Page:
Under the Appointments Clause, the President is empowered to nominate and appoint principal officers of the United States, but only with the advice and consent of the Senate. In addition to this general appointment authority, the Recess Appointments Clause permits the President to make temporary appointments, without Senate approval, during periods in which the Senate is not in session. On January 4, 2012, while the Senate was holding periodic “pro forma” sessions, President Obama invoked his recess appointment power and unilaterally appointed Richard Cordray as Director of the Consumer Financial Protection Bureau (CFPB) and Terrence F. Flynn, Sharon Block, and Richard F. Griffin Jr. as Members of the National Labor Relations Board (NLRB).
The President’s recess appointments were ultimately challenged by parties affected by actions taken by the appointed officials, and on January 25, 2013, the U.S. Court of Appeals for the District of Columbia Circuit (D.C. Circuit) became the first court to evaluate the merits of the President’s appointments. In a broad decision entitled Noel Canning v. National Labor Relations Board, the court invalidated the appointment of all three NLRB Board Members. In reaching its decision, the D.C. Circuit concluded that under the Recess Appointments Clause, the President may only make recess appointments during a formal intersession recess (a recess between the end of one session of Congress and the start of another), and only to fill those vacancies that arose during the intersession recess in which the appointment was made.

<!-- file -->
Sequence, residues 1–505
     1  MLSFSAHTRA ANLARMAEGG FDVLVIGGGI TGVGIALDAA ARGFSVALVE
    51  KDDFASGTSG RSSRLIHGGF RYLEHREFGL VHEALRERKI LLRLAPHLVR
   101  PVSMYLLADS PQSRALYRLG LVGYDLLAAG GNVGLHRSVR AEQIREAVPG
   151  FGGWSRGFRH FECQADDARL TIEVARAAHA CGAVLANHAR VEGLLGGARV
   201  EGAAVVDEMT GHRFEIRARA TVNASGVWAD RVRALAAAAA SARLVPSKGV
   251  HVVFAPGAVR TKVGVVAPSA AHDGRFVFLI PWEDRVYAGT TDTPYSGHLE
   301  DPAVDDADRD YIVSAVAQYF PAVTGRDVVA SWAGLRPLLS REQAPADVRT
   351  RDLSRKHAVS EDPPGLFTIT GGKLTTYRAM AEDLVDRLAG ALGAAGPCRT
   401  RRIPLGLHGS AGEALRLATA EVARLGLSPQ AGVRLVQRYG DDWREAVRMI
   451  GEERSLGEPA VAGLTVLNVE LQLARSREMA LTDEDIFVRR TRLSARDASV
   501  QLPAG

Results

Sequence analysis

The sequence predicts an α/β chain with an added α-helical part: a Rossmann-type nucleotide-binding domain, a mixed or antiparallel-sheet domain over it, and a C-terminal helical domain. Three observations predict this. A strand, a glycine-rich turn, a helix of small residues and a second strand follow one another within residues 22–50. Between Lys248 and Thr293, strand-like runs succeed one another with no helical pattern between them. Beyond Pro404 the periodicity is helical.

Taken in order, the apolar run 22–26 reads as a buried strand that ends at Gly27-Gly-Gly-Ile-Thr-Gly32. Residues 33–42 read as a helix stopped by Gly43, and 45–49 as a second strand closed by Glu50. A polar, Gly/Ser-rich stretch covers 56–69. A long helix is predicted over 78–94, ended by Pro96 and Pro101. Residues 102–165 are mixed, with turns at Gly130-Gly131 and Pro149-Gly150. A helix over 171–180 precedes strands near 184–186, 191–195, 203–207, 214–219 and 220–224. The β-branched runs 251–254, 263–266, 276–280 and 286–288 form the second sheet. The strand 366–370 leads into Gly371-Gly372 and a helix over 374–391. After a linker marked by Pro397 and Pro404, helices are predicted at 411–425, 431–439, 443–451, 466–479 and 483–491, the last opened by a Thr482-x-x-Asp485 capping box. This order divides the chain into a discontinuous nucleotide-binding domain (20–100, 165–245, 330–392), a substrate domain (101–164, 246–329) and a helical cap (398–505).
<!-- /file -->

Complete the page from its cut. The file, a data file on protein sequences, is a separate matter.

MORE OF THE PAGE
Although the D.C. Circuit’s actual order in Noel Canning directly applies only to the NLRB’s authority to undertake the single action at issue in the case, the court’s interpretation of the President’s recess appointment authority could have a substantial impact on the future division of power between the President and Congress in the filling of vacancies. If affirmed by the Supreme Court, the likely effect of the reasoning adopted in Noel Canning would be a shift toward increased Senate control over the appointment of government officials and a decrease in the frequency of presidential recess appointments.In class, we noted that Congress may try to curb judicial influence by "court-stripping" or "jurisdiction-stripping," that is, by passing laws taking certain issues out of the judiciary's hands. The courts can, however, hold those laws to be unconstitutional. A key recent example is Boumediene v. Bush (553 U.S. 723 (2008)).